Rhodesia.—Mr. F. C. Selous, who has spent twenty-five years in the country north and south of the Zambesi—in Matabeleland and Zululand—gave the British Association a favorable account of the climate of Rhodesia, and the adaptability of the highland country to white settlement. He regarded the climate as singularly favorable for the development of Europeans. He had never seen a finer race of men than the Boers and the British colonists of English, Irish, and Scotch descent, who were established in Cape Colony in 1820. They are tall, fine men, and the speaker believed that the highlands of Rhodesia would produce an equally fine race. The country includes the valleys of the Zambesi and Limpopo, where as in all African lowlands, deadly malaria prevails; and it is only the tracts four thousand feet and more above the sea level—in the elevated backbone of the country, which forms the watershed between the Zambesi and the Limpopo in the west, and the Zambesi and the Sabi in the east—that can be looked upon as likely to become peopled by white men. Possibly, as settlement advances, cultivation may gradually encroach upon the lower regions and drive the malaria from them. The superficial area of that part of Rhodesia which lies at and above an elevation of four thousand feet extends approximately over an area of twenty-six thousand five hundred square miles, while another seventy two thousand five hundred square miles may be added which lie between three thousand and four thousand feet. The country has suffered much of recent years, with all South Africa, from rinderpest, locusts, and drought, but more favorable conditions are hoped for, and with them anything can be grown that can be grown in Cape Colony. Wheat and oats, however, will have to be raised in the dry season with irrigation. For markets the farmer must look to the local towns, and their growth will depend upon the development of the gold prospects; and a wider market awaits the stock farmer. Matabeleland has been demonstrated to be a good cattle country. The natives formerly possessed considerable herds of sheep and goats, but these were killed and eaten during the scarcity of food. Sheep, however, seem to thrive well, as do pigs and donkeys. Well-bred fowls are subject to much disease, and the native birds are very small and lay small eggs. Horses do badly in all parts of Rhodesia. The speaker did not look upon the land as a ready-made paradise. Such a spot is hardly to be found in the unoccupied world; but "the earthly paradise of a happy home in a wild land must be created by a man's own labor, patience, intelligence, and perseverance."

Liquefied Fluorine.—The much-sought for alkahest, or universal solvent of the ancient alchemists, is almost realized in fluorine, which was first prepared by Moissan in 1886. The transparent vessels in which it is contained have to be made of some fluoride, its action on ordinary glass being vigorous and destructive. The difficulty of handling the gas, even in the laboratory, has hence been very great, the fluoride vessels being brittle and clumsy as well as expensive. Professors Dewar and Moissan, being desirous of more fully investigating the properties of the gas, recently conducted a series of experiments at the Royal Institution, in which by means of liquid oxygen they succeeded in liquefying fluorine, and in this comparatively inert state could more fully and carefully examine its properties. The apparatus used for liquefying the gas consisted of a small cylinder of thin glass, into the upper part of which was fused a platinum tube surrounding a smaller tube of the same material. The fluorine enters through the larger tube, passes around the glass envelope, and escapes through the smaller tube. The glass cylinder being cooled down to the temperature of boiling liquid oxygen (-183°), the current of fluorine gas was passed through the bulb without becoming liquid; at this low temperature, however, the fluorine did not attack the glass. On still further lowering the temperature of the liquid oxygen, by exhaustion, a yellow liquid was seen collecting in the glass envelope, while gas no longer escaped from the apparatus. At this moment the escape tube was closed to prevent the entrance of air, and the glass bulb soon became full of a clear yellow liquid possessed of great mobility. Fluorine thus liquefies at about -185°. The chemical activity of the gas was found greatly reduced when in the liquid state, but even then benzene or oil of turpentine underwent spontaneous decomposition when brought into contact with it. It would thus seem that the powerful affinity of fluorine for hydrogen is the last to disappear. In a subsequent experiment, in which liquid air was used and a temperature approximating -210° obtained, the liquid fluorine showed no signs of solidification. Experiments to determine its density led to the conclusion that it had about the same specific gravity as amber, 1·14. Different samples of the liquid examined with the spectroscope showed no specific absorption bands in the visible spectrum. It was found to be not magnetic.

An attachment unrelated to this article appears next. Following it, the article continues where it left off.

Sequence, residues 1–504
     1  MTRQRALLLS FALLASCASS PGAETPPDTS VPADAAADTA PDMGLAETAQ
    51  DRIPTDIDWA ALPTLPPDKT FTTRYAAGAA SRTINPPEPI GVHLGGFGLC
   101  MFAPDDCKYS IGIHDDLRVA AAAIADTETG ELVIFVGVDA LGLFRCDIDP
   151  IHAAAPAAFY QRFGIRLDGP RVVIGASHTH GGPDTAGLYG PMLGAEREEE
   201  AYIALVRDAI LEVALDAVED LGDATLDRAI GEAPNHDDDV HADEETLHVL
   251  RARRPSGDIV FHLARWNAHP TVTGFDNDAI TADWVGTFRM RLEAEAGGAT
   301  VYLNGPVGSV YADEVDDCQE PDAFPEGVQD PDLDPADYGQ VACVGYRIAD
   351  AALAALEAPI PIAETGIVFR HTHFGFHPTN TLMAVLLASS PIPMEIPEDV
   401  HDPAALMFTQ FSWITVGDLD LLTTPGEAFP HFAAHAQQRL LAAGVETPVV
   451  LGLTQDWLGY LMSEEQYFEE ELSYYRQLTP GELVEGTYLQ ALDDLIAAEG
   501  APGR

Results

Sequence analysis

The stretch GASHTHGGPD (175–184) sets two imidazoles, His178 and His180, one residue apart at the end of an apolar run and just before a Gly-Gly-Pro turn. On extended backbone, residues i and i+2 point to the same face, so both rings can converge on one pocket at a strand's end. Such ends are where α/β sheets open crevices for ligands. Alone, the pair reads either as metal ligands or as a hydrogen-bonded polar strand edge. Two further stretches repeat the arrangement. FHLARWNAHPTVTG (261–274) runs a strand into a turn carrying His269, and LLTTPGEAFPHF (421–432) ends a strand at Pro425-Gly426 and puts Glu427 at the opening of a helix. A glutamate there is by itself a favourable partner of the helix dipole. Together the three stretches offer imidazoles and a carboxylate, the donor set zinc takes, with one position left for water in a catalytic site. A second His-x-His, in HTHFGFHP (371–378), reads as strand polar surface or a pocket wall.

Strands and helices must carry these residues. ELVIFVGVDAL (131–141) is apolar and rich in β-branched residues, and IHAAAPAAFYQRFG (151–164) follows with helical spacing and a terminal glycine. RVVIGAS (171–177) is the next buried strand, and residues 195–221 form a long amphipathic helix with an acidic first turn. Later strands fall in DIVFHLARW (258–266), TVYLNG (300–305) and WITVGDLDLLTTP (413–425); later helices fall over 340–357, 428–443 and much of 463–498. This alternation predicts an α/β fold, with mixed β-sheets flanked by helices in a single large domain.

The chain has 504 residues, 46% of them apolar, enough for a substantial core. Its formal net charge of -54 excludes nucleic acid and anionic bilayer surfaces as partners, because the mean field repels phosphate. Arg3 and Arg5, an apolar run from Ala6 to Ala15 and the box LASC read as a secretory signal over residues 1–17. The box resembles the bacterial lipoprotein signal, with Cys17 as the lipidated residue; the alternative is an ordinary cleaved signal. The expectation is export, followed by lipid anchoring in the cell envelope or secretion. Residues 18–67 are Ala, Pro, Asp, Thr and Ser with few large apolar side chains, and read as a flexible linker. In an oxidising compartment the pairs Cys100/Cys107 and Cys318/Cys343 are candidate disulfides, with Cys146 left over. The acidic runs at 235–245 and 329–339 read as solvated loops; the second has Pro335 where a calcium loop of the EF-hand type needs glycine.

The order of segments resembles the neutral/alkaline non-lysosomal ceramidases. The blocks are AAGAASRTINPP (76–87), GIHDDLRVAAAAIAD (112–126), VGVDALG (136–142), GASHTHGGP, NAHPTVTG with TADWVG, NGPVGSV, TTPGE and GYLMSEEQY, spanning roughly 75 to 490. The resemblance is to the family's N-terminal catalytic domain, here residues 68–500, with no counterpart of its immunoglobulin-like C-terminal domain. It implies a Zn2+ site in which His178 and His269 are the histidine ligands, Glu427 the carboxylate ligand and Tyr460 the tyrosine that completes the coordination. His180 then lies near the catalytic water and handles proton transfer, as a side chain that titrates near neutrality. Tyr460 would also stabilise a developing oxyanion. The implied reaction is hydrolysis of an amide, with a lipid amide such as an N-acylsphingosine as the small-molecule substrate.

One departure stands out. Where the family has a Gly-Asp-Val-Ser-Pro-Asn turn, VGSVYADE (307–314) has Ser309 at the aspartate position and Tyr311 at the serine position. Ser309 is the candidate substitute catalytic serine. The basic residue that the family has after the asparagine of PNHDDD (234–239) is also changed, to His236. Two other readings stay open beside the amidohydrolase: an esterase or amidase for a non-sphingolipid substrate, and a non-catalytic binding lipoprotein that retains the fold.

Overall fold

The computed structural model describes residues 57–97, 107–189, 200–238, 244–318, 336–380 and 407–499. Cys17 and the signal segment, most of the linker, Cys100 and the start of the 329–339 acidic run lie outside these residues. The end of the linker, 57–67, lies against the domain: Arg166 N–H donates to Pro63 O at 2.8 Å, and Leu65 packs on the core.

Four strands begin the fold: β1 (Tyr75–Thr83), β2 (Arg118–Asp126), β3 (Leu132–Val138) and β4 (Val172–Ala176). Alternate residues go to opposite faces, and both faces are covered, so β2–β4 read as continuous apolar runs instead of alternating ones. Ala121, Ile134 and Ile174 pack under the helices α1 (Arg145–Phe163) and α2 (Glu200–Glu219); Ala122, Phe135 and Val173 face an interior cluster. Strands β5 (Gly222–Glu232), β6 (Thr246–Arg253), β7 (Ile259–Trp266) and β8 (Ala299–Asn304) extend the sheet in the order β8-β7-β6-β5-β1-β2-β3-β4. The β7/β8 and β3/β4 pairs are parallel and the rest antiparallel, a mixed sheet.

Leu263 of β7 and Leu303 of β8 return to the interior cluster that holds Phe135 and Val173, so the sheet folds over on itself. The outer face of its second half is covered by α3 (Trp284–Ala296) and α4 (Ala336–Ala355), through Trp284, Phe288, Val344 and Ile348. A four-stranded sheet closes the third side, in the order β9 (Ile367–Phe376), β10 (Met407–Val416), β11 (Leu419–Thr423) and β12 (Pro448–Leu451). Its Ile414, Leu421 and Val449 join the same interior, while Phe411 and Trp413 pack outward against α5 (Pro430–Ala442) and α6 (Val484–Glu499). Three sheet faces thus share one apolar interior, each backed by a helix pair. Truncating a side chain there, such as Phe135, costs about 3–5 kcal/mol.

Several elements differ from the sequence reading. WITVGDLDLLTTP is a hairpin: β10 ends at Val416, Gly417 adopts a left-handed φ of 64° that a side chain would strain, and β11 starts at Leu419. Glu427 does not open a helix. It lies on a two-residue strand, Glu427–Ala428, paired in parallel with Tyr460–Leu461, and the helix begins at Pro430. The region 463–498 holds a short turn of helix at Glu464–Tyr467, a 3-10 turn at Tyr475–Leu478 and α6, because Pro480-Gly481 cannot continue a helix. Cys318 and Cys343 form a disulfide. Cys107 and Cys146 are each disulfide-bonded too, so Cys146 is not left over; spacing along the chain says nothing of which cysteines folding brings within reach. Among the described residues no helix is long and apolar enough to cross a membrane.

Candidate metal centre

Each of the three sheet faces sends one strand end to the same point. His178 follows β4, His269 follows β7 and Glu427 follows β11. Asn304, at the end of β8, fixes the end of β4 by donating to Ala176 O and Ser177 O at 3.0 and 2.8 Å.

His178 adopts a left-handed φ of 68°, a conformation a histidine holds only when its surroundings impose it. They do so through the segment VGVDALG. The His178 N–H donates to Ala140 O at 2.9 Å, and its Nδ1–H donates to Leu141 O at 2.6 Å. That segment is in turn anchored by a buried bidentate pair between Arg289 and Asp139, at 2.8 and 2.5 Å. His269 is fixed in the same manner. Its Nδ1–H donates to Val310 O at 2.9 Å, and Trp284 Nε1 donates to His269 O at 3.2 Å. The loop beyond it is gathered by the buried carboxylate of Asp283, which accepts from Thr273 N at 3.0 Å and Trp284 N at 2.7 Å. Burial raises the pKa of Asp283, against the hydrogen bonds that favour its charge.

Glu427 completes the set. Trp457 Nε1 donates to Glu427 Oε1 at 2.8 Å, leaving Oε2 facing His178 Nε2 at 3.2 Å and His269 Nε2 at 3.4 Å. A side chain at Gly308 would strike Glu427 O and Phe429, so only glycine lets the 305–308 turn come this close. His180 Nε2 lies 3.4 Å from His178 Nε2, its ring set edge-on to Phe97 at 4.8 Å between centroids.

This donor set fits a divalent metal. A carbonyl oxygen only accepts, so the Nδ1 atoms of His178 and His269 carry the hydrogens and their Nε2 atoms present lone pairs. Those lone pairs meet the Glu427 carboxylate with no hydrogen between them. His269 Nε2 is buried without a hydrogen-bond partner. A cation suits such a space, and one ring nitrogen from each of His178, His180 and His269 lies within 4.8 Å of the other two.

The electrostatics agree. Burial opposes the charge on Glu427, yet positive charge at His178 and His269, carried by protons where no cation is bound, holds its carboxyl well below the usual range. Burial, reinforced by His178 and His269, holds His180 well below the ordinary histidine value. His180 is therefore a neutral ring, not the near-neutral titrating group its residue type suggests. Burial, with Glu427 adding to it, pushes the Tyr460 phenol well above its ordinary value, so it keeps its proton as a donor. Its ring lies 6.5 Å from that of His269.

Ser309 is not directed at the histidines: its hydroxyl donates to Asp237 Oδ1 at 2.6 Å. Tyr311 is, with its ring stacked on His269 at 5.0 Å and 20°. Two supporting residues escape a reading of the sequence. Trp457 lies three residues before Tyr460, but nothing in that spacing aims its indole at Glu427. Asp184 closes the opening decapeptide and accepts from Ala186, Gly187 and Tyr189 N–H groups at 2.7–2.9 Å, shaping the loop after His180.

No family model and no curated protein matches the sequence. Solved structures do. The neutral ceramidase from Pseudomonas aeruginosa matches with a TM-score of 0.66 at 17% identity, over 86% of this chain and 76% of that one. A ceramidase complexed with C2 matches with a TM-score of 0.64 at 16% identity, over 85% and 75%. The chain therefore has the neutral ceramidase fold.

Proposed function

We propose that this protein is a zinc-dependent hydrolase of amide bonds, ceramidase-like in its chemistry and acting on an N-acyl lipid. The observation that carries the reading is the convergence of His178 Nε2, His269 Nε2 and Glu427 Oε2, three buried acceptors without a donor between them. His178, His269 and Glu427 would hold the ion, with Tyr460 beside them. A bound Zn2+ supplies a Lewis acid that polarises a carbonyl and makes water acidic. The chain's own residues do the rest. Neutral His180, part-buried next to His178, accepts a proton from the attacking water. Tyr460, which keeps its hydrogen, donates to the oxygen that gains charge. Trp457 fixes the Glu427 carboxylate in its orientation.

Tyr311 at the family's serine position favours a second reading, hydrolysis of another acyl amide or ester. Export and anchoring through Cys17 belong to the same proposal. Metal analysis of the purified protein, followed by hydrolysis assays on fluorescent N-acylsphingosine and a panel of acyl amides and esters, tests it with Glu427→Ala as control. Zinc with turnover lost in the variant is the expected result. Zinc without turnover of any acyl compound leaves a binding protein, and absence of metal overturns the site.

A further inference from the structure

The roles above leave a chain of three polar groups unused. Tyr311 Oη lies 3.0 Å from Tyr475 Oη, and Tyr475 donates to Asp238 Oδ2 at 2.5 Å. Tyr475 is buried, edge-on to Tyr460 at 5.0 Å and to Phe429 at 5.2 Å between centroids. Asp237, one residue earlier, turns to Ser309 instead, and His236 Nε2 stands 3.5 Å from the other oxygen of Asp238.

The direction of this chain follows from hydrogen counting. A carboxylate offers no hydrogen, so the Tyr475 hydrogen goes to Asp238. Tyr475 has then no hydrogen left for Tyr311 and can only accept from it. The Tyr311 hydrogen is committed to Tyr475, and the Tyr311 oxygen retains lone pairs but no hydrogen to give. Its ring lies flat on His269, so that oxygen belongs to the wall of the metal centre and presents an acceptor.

Monazite.—Much has been said of late years, in discussions concerning the "rare earths" and the search in them for new metals, about monazite; and the mineral has obtained considerable commercial importance in consequence of its use in the manufacture of the incandescent mantles of the Welsbach light. Monazite, as described by H. B. C. Nitze in the Franklin Institute, is essentially a phosphate of the rare earth metals cerium, lanthanum, and didymium. It also usually contains small variable percentages of thoria in the form of thorite or orangite—a derivative of another rare metal, thorium. It crystallizes in the monoclinic system, in tubular or short columnar or needle-shaped crystals, usually well developed and free from distortion, varying from microscopic size to five inches in length. It is brittle, transparent in the purest crystals, and of shades of yellow or brown in color. It is an accessory constituent of the granite rocks and their derived gneisses, and has been found in apatite, cyanite, and veined quartz, but not in sedimentary rocks. The economically valuable deposits are found in the placer sands of streams and rivers, in the irregular sedimentary sand deposits of old stream beds and bottoms, now covered up, and in the beach-sand deposits of certain seashores. Workable deposits of monazite have so far been found only in limited geographical areas. The only ones in the United States are the placer beds in North and South Carolina; in Burke, McDowell, Rutherford, Cleveland, and Polk Counties, North Carolina, and in Spartanburg, Greenville, and York Counties, South Carolina. They occur in gravel deposits, from one to two feet thick, in streams that are seldom more than twelve feet wide. Other deposits are found in Brazil, the United States of Colombia, and Russia. The value of monazite depends on its percentage of thoria, the earth sought after by the Welsbach-light men. The Carolina beds furnished one million nine hundred thousand pounds of monazite in 1896, at from six to ten cents a pound. The next year the output fell off, both in amount and price, on account of the competition of the Brazilian field, where the production is easier and cheaper.